- n a condition caused by blocking the airways to the lungs (as with food or swelling of the larynx)
- n the act of suffocating (someone) by constricting the windpipe
no evidence that the choking was done by the accused
- v breathe with great difficulty, as when experiencing a strong emotion
- v be too tight; rub or press
This neckband is choking the cat
- v wring the neck of
- v constrict (someone's) throat and keep from breathing
- v struggle for breath; have insufficient oxygen intake
- v fail to perform adequately due to tension or agitation
- v check or slow down the action or effect of
- v become or cause to become obstructed
- v impair the respiration of or obstruct the air passage of
- v become stultified, suppressed, or stifled
- v suppress the development, creativity, or imagination of
- v pass from physical life and lose all bodily attributes and functions necessary to sustain life
- v reduce the air supply
- v cause to retch or choke
- Apologizing to his wife and four sons and choking up repeatedly, Sanford said he'd spent "the last five days of my life crying in Argentina," and had now ended the year-long .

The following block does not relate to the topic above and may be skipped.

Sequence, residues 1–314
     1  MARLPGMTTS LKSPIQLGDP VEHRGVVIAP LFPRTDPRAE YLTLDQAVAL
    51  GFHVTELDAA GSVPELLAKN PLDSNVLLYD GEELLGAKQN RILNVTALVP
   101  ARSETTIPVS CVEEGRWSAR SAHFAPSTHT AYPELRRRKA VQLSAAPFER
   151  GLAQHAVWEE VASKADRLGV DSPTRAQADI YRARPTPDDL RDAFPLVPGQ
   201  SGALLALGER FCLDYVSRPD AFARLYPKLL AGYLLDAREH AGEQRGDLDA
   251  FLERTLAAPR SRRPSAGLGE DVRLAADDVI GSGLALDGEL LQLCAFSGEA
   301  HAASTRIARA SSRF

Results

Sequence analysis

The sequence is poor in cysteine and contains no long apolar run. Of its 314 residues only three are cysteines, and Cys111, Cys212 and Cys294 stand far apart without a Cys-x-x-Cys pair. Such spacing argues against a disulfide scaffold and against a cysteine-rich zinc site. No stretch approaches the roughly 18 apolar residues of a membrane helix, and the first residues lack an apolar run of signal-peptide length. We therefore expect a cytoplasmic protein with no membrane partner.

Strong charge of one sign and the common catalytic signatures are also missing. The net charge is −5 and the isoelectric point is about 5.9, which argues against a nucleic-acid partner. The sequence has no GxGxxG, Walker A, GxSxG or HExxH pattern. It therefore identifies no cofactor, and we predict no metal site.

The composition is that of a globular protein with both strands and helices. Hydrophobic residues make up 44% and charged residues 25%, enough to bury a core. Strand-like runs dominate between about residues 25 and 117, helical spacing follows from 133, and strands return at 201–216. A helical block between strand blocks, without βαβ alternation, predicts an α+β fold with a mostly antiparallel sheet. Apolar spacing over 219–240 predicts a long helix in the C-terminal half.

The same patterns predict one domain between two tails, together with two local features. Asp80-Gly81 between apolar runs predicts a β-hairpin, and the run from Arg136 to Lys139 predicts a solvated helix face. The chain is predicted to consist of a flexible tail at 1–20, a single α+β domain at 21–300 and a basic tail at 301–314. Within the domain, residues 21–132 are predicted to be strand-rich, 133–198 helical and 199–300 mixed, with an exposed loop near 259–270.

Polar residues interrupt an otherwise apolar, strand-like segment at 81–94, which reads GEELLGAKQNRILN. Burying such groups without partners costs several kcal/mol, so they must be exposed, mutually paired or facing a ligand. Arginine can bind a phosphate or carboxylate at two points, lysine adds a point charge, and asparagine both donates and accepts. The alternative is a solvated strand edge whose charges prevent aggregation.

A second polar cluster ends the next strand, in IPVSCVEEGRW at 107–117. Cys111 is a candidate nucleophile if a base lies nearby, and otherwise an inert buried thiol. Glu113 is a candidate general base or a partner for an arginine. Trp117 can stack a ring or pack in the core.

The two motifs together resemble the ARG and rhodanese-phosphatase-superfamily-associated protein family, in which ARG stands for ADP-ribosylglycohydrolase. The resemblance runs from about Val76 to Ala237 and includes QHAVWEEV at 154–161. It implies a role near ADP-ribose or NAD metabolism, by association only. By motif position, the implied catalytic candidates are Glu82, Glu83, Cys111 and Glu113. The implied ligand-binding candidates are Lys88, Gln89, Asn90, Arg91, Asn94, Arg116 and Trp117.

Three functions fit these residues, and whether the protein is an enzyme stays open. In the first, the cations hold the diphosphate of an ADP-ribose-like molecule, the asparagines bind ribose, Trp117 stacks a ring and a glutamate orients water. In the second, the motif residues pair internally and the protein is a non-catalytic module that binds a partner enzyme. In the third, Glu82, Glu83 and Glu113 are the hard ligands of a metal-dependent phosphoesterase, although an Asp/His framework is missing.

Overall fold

- Vanishing species, melting glaciers, choking pollution for the last few decades, it's been more like covering crime than wandering through the wildflowers.
- In a blogosphere choking on its own partisan entrees, The Daily Dish is a welcome meal that's good for you.
- Barney Frank in International Herald Tribune
We were the EMTs rushing to the rescue of an economy that suddenly found itself choking, but now we have to perform more serious reform,Frank said.
- Pascal Lamy in BusinessWeek
The use of protectionist measures is on the rise,Lamy said. "The risk is increasing of such measures choking off trade as an engine of recovery. We must be vigilant because we know that restricting imports only leads your trade partner to...
- Jim McCrery in USA Today
Democrats are quietly but very assuredly paving the way for a massive, economy-choking, tax increase,said Rep. Jim McCrery, R-La.